Oral Health and Systemic Health – The Great Disconnect


    • Bartold PM. Oral health and systemic health. Aust Dent J 1999;44:211.
    • The opinions expressed in this Editorial are those of the writer and do not necessarily reflect those of the Australian Dental Association.

    Many years ago, 12 years ago to be exact, I wrote an Editorial on oral health and systemic health. In that Editorial I outlined how this emerging area of interest could have the potential to impact significantly on the daily practice of dentistry. I outlined how it may become possible that systemic conditions such as cardiovascular disease, stroke, low birth weight, diabetes and probably a host of other conditions would be linked to oral health and that we would become integral in the holistic management of these diseases. As time went by, the list grew and when I last looked periodontal disease had been implicated or associated with the following conditions – listed alphabetically:

    Alzheimer's diseaseFeverMultiple sclerosis
    AnaemiaFibromyalgiaMyocardial infarction
    AtherosclerosisGastro-oesophageal Obesity
    Autoimmune disease reflux diseaseObstructive sleep
    CancerHypertension apnoea
    Chronic obstructiveInfertilityOsteoporosis
    pulmonary diseaseInflammatory bowel Pneumonia
    Colon cancer diseasePolycystic ovaries
    Crohn's diseaseIntellectual functionPre-eclampsia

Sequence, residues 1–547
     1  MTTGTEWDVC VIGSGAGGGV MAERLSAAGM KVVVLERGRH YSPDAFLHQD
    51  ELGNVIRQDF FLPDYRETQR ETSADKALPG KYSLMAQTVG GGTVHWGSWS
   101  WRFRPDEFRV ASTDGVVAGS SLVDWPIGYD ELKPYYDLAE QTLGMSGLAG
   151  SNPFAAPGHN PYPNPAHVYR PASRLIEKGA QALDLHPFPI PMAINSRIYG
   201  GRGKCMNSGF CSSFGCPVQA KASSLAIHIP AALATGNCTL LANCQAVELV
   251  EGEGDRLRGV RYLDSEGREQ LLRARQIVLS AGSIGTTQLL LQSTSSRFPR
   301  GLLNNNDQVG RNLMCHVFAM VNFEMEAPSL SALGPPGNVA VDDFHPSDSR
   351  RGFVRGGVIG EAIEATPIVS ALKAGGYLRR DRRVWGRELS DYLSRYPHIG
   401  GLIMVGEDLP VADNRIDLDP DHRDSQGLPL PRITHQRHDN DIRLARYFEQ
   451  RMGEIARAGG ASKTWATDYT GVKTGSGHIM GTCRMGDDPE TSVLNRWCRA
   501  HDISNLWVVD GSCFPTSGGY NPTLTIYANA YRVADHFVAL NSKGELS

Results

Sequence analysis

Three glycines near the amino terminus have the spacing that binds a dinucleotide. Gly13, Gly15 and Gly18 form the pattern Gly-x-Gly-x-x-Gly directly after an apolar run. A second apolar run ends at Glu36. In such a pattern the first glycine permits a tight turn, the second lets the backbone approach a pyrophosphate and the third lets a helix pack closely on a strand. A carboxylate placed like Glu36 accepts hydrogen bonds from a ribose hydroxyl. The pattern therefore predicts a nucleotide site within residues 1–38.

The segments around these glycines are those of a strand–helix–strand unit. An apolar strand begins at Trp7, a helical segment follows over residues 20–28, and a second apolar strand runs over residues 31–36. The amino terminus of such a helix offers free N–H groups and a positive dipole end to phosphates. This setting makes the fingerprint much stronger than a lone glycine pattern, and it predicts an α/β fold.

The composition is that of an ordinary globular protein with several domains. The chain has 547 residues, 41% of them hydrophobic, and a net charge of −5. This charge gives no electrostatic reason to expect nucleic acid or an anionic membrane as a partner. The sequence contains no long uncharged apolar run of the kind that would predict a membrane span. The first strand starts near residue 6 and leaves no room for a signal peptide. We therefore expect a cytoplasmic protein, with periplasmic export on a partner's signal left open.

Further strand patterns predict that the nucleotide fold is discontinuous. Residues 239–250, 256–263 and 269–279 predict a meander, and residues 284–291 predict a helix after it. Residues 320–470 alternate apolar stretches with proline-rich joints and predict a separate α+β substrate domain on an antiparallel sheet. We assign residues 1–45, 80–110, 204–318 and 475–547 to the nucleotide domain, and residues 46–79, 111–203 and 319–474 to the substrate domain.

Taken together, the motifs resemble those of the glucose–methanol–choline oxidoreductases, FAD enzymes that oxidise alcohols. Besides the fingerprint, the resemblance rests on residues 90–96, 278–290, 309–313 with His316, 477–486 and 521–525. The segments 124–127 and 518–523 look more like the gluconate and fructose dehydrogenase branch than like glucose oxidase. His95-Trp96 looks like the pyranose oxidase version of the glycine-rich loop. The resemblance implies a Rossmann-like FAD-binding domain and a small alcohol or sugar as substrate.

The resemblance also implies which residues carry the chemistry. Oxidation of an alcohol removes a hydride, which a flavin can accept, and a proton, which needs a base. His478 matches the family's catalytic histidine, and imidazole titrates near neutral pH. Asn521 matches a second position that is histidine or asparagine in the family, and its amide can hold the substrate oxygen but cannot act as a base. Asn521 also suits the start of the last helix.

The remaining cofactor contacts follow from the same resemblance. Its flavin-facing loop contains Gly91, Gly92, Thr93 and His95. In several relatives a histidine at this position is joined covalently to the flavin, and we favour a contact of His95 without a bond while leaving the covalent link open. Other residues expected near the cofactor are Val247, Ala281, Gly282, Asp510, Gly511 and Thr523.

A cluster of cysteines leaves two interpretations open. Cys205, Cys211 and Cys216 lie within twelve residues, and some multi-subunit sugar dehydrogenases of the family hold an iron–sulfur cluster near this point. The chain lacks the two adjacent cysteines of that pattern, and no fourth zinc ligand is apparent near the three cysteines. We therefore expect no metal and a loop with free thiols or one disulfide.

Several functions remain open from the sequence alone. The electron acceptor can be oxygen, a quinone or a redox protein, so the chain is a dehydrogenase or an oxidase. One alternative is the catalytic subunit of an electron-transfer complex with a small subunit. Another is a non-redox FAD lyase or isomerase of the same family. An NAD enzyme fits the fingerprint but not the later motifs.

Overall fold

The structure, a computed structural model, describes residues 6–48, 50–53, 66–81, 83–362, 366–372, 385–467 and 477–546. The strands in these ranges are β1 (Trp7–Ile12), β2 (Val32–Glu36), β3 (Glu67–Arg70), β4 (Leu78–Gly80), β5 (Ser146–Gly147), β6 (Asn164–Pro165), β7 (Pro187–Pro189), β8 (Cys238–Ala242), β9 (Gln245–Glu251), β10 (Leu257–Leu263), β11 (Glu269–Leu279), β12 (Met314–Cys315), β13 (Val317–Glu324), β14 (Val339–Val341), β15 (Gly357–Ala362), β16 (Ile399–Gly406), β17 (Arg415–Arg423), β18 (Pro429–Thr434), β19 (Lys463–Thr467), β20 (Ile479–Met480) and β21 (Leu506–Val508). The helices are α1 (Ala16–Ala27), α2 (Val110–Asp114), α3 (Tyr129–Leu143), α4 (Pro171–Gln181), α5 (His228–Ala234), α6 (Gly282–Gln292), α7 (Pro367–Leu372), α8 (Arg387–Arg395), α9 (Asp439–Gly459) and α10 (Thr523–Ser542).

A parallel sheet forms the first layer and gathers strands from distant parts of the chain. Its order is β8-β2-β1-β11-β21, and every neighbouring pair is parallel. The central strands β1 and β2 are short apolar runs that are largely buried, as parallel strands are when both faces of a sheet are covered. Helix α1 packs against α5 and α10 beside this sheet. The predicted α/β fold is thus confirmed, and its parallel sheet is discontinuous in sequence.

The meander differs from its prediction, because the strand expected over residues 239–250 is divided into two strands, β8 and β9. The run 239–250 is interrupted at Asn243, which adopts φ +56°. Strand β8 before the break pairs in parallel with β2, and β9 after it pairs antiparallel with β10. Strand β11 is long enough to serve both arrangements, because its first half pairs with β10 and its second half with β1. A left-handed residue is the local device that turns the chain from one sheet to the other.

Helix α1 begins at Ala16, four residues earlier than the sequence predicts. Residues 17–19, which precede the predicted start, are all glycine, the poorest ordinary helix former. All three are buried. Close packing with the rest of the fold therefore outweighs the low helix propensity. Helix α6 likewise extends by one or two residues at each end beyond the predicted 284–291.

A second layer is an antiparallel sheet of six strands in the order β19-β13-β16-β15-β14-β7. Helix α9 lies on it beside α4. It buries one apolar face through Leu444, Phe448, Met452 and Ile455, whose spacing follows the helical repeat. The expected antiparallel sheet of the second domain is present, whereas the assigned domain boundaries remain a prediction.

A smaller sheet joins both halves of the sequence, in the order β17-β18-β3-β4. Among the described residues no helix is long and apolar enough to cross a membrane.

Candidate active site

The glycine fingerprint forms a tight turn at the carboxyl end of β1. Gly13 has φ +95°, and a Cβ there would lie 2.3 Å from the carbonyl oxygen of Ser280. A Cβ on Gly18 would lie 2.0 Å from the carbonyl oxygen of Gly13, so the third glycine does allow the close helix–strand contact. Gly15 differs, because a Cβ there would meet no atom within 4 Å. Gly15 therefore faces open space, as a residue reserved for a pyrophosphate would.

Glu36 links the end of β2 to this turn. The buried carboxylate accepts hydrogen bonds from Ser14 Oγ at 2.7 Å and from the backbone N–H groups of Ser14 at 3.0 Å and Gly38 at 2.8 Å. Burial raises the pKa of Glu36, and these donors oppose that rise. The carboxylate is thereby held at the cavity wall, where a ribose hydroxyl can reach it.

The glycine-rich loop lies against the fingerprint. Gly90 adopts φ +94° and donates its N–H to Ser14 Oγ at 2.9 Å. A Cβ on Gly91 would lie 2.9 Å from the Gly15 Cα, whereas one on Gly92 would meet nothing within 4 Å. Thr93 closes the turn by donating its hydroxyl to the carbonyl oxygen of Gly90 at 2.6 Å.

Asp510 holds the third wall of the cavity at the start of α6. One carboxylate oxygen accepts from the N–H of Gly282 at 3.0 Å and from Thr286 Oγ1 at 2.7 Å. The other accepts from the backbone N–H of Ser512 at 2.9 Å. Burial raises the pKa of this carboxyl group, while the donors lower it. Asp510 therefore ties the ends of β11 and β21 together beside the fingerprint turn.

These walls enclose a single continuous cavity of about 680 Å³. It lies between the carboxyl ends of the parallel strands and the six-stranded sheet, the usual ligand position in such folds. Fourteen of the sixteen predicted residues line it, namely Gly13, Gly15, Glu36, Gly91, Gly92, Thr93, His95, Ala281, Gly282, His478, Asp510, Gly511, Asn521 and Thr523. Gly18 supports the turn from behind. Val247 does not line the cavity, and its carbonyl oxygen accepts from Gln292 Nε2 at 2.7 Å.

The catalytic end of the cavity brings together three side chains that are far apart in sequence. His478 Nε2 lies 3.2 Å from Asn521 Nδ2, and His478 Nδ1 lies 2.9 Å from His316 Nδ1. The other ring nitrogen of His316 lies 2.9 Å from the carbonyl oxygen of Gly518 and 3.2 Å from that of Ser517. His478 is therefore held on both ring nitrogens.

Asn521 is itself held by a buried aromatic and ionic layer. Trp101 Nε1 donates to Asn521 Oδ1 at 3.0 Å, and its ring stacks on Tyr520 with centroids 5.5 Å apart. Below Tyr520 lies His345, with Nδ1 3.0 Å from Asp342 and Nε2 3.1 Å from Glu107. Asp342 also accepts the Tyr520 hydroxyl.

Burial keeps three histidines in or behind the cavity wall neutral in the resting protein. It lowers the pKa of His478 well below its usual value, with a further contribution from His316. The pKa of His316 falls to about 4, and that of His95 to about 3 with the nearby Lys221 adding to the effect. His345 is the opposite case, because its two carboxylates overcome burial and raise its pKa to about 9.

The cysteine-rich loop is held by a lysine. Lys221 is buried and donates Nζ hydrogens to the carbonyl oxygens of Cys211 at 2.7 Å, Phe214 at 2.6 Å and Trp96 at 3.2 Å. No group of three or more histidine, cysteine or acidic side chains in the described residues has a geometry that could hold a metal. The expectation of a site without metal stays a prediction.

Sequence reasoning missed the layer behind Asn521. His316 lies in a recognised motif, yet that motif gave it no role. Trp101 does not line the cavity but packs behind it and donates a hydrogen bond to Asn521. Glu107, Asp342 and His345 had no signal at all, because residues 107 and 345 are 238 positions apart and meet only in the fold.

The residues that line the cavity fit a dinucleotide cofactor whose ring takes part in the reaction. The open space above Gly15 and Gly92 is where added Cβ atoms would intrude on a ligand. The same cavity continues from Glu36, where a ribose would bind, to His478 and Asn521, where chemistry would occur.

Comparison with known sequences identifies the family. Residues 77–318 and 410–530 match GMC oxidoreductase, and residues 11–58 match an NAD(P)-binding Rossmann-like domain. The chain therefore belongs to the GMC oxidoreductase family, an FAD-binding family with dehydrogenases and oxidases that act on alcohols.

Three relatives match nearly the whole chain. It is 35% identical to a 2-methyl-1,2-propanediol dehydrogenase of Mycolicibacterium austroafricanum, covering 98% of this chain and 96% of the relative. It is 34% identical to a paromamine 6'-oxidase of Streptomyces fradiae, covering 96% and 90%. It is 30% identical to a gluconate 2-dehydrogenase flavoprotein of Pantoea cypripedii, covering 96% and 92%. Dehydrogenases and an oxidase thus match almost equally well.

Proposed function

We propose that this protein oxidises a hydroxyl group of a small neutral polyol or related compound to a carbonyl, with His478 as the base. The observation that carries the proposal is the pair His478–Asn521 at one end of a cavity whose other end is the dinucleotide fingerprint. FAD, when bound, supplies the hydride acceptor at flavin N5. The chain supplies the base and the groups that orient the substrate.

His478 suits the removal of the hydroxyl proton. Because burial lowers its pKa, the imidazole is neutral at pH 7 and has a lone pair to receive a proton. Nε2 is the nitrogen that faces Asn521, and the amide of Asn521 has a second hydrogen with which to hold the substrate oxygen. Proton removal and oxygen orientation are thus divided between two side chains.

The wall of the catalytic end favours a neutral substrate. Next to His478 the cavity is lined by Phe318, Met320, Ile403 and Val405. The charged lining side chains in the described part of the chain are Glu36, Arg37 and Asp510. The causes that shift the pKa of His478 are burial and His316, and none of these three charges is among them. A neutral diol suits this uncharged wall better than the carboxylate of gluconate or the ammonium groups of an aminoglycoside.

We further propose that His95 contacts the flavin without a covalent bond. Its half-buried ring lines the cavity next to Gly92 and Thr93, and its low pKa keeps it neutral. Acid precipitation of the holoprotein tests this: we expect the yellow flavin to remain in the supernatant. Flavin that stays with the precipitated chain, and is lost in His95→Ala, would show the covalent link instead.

DeathLeukaemiaPremature birth
    DementiaLow birth weightPsoriasis
    DiabetesLung cancerRenal disease
    Dry mouthLupusRheumatoid arthritis 
    EndometriosisMetabolic syndrome Stroke
    Erectile dysfunctionMiscarriageStomach ulcers
    FatigueMouth cancer 

    Now that's a list! Whether all of these ‘associations’ are real or not, only time will tell. As all of these associations were emerging, so was another concept – the idea that dentists might actually have a role to play in the management of chronic diseases. We all know what happened. A programme, funded by the Federal Government, was established to attempt to deal with the oral health of those with chronic diseases. In its purest form, it was a great idea. But like all good ideas, and for a wide variety of reasons, this programme had its faults that caused it to miss the target in some cases and it is now to cease. What a pity it was not fixed rather than thrown away. For the first time dentistry was given an opportunity to play a role in general health but something happened and we have watched it disconnect. Time will tell if this is right or wrong but I know from my own experience, having to tell my patients who were being managed under this programme that all the good work we did together in getting their periodontal infection and inflammation under control has, alas, been to little avail. This has been a golden opportunity and unfortunately it seems politics got in the way and our patients have been disconnected.image